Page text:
Magazine article National Defense

Budget Woes May Force Homeland Security to Cut Missions

Magazine article National Defense

Budget Woes May Force Homeland Security to Cut Missions

Article excerpt

Sequester or no sequester, the Department of Homeland Security is in store for changes, a Senate Appropriations Committee staffer predicted.

The Budget Control Act calls for automatic cuts in 2013, or a sequester, if Congress doesn't reach a compromise on spending cuts by the end of 2012. The Department of Homeland Security falls under the national security category in the law, as does the Defense Department, the Department of Energy's nuclear weapons programs and foreign aid. These departments are in store for large, automatic reductions if no agreement is reached.

If the sequester goes into effect, it will mean a 7.8 percent reduction in the DHS budget, said Charles Kieffer, staff director of the Senate Appropriations subcommittee on homeland security.

When congressional leadership is "making macro decisions about allocating dollars between the Department of Defense and the Department of Homeland Security and our nuclear complex, the Department of Homeland Security doesn't compete very well," he said at a talk sponsored by the Homeland Security Leadership Forum.

However, even if the sequester doesn't go into effect, the act calls for austere spending at DHS for the next decade.

"Even if we do not have a sequester the BCA constraints are such that we have to assume that we are going to be living in a budget freeze environment for 10 years. Some mission changes will inevitably result in that," he said.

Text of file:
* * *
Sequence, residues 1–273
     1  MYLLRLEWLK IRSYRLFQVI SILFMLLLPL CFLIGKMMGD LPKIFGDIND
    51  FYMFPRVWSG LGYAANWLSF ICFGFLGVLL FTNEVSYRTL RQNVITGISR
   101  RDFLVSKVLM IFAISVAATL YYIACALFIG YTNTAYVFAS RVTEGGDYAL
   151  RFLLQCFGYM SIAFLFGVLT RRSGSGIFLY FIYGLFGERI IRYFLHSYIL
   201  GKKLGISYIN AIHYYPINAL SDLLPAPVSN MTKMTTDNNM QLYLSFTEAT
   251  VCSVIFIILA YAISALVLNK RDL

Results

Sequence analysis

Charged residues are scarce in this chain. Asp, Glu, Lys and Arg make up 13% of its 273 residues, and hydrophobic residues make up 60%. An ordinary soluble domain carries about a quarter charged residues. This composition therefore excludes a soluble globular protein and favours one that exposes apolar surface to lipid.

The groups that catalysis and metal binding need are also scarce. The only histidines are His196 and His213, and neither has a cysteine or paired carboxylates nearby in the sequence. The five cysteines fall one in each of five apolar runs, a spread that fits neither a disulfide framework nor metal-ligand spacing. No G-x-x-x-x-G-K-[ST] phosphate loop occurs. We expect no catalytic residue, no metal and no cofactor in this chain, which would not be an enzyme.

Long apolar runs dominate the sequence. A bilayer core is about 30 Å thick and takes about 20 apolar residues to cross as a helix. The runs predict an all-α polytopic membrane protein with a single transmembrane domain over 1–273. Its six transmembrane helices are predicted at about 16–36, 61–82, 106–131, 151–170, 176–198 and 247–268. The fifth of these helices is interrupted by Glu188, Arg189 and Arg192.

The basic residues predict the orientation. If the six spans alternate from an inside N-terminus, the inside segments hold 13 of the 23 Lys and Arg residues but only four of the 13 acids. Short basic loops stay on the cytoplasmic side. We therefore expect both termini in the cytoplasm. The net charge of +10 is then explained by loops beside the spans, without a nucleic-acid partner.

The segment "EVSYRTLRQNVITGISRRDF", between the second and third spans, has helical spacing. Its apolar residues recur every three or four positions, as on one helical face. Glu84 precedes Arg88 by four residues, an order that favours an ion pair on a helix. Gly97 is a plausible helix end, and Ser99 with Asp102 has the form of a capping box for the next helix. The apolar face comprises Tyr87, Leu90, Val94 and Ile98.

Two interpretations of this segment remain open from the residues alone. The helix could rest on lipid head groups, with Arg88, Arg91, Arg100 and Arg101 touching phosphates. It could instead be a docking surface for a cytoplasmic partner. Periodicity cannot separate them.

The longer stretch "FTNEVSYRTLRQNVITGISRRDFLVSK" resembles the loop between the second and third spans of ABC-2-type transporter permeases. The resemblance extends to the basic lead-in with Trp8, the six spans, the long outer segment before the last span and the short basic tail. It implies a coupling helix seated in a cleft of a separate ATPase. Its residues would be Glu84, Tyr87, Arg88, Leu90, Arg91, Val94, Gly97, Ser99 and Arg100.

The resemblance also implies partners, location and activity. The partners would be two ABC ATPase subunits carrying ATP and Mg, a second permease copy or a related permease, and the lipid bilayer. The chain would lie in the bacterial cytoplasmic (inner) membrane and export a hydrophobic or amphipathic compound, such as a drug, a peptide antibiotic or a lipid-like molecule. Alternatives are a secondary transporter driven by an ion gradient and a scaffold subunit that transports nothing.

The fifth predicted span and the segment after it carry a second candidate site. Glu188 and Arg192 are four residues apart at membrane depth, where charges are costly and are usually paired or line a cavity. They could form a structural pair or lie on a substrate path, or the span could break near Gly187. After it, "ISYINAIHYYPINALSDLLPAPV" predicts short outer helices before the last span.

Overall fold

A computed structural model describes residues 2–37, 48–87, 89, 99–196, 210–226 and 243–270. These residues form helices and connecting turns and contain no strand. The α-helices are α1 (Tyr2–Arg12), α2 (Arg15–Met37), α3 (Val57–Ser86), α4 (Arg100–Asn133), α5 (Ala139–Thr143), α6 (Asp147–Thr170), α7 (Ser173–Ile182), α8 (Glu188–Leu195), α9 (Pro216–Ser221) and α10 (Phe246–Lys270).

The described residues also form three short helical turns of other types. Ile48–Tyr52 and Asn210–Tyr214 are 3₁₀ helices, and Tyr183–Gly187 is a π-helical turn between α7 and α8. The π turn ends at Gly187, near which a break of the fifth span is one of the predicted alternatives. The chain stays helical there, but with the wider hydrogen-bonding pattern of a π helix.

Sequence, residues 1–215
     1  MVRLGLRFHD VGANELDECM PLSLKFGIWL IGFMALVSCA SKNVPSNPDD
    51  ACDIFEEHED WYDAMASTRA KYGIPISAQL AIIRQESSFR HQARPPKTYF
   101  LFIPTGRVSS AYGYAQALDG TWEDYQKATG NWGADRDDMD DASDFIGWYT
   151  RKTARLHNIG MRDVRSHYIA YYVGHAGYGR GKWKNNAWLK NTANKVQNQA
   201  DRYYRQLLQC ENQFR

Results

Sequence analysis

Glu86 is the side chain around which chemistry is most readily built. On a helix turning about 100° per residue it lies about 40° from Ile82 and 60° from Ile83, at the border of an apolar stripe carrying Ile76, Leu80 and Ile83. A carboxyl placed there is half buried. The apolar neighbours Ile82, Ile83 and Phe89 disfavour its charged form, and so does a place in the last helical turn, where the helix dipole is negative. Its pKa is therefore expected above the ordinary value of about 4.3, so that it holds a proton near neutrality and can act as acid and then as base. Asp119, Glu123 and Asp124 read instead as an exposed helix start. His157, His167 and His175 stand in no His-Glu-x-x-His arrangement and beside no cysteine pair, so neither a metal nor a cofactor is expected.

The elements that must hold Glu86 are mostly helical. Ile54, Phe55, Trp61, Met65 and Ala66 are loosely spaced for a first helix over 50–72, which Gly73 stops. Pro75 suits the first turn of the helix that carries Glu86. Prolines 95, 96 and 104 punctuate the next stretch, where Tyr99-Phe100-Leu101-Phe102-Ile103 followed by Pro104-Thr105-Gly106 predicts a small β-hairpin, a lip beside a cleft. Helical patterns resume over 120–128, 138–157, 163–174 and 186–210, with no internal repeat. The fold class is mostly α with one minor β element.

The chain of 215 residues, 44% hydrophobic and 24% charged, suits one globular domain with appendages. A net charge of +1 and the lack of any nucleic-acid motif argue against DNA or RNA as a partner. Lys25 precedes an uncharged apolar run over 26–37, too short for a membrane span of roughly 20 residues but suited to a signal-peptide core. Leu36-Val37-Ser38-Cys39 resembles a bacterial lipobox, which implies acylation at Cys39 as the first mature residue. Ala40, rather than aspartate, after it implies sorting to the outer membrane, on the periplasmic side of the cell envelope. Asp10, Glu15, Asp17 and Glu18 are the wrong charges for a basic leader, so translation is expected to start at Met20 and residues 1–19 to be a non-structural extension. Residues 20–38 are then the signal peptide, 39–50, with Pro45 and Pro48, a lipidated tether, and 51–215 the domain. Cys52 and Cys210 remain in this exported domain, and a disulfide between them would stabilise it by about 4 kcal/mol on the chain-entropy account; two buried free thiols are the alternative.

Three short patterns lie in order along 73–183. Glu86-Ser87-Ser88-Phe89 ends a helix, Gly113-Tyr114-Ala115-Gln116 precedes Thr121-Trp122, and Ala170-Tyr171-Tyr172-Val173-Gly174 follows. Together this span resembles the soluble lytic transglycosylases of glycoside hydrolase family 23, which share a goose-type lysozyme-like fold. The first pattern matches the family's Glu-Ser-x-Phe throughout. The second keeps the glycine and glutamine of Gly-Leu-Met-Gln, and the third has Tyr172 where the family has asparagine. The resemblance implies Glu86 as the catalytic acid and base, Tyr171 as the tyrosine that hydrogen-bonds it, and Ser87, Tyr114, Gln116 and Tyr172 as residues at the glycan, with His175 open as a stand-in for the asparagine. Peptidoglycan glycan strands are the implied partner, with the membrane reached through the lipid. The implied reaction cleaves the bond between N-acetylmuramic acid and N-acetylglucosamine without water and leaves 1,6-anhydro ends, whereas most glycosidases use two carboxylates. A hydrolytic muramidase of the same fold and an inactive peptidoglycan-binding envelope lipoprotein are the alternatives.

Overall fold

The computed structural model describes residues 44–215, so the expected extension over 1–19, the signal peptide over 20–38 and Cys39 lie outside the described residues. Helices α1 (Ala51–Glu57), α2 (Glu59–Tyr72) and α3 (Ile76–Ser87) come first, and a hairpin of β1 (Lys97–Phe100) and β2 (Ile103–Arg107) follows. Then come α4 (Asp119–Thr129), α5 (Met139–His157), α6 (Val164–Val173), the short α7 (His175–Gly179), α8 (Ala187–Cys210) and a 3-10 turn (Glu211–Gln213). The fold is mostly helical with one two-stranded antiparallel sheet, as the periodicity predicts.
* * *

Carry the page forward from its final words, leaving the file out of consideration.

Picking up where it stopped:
The monkey wrench in the budget crunch is the department has some bills coming due that can't be avoided.

Congress in August 2010 mandated and supplied $600 million in supplemental border security funding. That included 1,000 new Border Patrol agents. It has taken about a year to hire and train these new officers.


"Now that they're on board, are we going to let them go? I don't think so," he said. Nevertheless, there are $400 million in annualized costs for those extra agents.

The Secret Service will spend an extra $100 million providing protection to presidential candidates in 2012.

The Transportation Security Administration rushed advanced imaging technology to airports in the aftermath of the so-called Christmas Day plot in 2009. Those require extra staff training and a "sienificant logistical tail," he said.

I he Coast Guard continues to have new missions laid at its doorstep. Congress has given the service more than the president's annual request for the past few years, but that is over, he predicted. …

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